I have always wanted to climb more at The Cuttings Boulderfield, Portland. I live on the island but have always climbed either at Neddyfields – a small bouldering crag where all the climbs are like cruxes of sport climbs – or the many sport routes around the island. Any time we ventured down to the Boulderfield we would get our asses handed to us, so I wanted to change that.
My first trip down to The Cuttings this year was with an injured Emmie and tiny sausage dog Tilly. This time I had a Rockfax miniguide from Tom which helped a lot! I had set my mind on climbing as many problems (bouldering routes) as I could, not thinking about grades just getting used to the feel of the rock and how it works down there.
As you get down in to the Boulderfield there are endless boulders but they are all staggered and hidden, to find a climb is a mission if you don’t know your way around. So after 20 minutes of scrabbling all over the rocks and gullies with Emmie, her broken ankle and Tilly with her tiny legs we find our first boulder.
I only climbed easy routes for the next couple of hours, but got very frustrated with climbs which should be within my grade range but couldn’t do. I left with not the best taste in my mouth but I had climbed nine new problems which was quite a lot and I felt the ache the next day.
After a few days rest I head back down there with Tom, he knows his way around a few boulders in the south section and we got off to a great start finding our first boulder – Highball Wall – which isn’t as high as it may sound but compared to the rest of the boulders which hardly breach two meters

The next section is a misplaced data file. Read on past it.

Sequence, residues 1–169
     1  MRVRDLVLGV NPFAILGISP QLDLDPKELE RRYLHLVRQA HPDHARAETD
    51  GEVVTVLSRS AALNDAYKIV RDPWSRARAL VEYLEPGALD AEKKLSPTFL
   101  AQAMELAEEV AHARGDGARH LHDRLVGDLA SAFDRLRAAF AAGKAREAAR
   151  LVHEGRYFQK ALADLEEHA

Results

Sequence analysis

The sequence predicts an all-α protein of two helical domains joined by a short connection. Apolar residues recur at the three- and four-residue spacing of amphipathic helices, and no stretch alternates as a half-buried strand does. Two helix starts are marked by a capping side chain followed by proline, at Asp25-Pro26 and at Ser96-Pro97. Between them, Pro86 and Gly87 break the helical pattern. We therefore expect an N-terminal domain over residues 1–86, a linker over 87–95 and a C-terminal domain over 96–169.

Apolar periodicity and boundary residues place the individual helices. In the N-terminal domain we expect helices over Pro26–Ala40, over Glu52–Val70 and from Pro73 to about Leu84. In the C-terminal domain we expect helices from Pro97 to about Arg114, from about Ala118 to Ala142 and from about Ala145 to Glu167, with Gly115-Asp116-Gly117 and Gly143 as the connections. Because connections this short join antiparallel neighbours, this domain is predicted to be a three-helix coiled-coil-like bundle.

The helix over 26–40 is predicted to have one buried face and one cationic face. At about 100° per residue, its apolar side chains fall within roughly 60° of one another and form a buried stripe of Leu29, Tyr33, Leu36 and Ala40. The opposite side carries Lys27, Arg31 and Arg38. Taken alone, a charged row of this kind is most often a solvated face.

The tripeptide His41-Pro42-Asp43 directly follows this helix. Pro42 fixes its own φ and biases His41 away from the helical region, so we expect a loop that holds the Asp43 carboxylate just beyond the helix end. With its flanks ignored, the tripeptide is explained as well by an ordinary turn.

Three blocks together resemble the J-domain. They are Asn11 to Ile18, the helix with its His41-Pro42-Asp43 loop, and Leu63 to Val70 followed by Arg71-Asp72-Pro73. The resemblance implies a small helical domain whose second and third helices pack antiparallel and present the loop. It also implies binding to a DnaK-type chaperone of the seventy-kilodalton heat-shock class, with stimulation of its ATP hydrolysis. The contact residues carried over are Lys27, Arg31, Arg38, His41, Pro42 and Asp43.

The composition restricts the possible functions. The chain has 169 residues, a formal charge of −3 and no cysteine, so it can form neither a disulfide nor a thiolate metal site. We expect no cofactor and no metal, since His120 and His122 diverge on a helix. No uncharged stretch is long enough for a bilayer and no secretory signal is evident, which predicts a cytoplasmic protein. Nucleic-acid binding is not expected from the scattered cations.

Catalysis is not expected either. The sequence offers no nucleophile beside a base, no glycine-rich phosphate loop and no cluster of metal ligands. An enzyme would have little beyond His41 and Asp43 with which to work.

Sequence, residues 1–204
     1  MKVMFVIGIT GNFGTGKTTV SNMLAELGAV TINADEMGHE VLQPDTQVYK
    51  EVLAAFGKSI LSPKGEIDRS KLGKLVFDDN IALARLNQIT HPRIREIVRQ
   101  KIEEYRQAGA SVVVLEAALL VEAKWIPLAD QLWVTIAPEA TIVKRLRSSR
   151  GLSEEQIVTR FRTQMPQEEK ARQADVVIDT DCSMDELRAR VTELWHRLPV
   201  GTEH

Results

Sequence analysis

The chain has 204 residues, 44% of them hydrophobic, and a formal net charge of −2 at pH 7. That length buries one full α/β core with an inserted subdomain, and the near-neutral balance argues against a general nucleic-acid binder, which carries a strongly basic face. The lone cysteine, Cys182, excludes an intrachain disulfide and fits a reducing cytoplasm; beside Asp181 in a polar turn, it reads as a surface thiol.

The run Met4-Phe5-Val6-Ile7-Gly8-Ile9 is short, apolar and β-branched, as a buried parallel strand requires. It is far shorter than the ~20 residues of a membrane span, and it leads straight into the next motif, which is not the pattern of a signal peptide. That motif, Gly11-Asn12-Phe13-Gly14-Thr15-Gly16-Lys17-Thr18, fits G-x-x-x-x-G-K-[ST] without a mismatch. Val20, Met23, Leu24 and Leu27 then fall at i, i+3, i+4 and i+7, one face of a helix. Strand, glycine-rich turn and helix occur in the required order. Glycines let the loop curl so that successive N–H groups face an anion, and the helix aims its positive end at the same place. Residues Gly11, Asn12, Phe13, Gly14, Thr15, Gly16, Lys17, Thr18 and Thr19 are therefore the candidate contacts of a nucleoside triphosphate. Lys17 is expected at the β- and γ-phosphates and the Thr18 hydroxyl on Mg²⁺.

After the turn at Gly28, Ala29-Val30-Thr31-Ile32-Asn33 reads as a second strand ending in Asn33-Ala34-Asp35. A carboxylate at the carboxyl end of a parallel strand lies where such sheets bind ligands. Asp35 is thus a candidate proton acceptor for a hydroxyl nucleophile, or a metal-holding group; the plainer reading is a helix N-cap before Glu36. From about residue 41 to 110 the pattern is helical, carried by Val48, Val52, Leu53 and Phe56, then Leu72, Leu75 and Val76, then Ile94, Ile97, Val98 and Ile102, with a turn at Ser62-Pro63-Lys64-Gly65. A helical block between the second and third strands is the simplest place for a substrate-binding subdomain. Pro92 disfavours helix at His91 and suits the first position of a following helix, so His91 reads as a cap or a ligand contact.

this one is quite high at about three to four metres. We climbed all the routes on the boulder fine and really enjoyed the little crimps up the steep slab.
We move on to Terror Boulder which is named due to the drop beneath you steepening as you climb. It was great fun but much harder than the grade portrayed. We start losing the beautiful sunshine for the cold clear night so we end it with a project. It’s this great traverse which takes you from a heel hook start on sloping holds leading to a crack which you twist your foot in – this move hurt my leg the next day. We didn’t crack the route that day but sometimes it’s more fun finding a project you can’t do than completing a load of climbs.
I headed back down a few days later and this time my partner in crime is Connie, we hit up the Highball Wall for a good warm up and then go straight for the Terror Traverse. This time everything went really well, I get twisting with that knee and just get to the stage where Connie has to give up trying to spot me, but I back out. I was so close and it had got my blood going so much so I jumped straight back on. I get past the same stage and swung one hand under the other so my arms were crossed. My hands have reached the end of the problem but I’m now at the worst bit to fall on, straight down the steep slope. As I move my feet I feel my arms starting
to twist my body away from the climb and my feet becoming more and more useless. I was trying to think how I could back out of the climb without having to fall all the way down the slope. There was no way, only by finishing it. Managing to get a high heel hook helped me have another point of contact which meant I was able to top out of the boulder to finish.
That moment of panic and fear, then calming down and realising you can do it is one of the main reasons I love climbing.
We pack up and go on the hunt for more climbs but fail with daylight leaving us.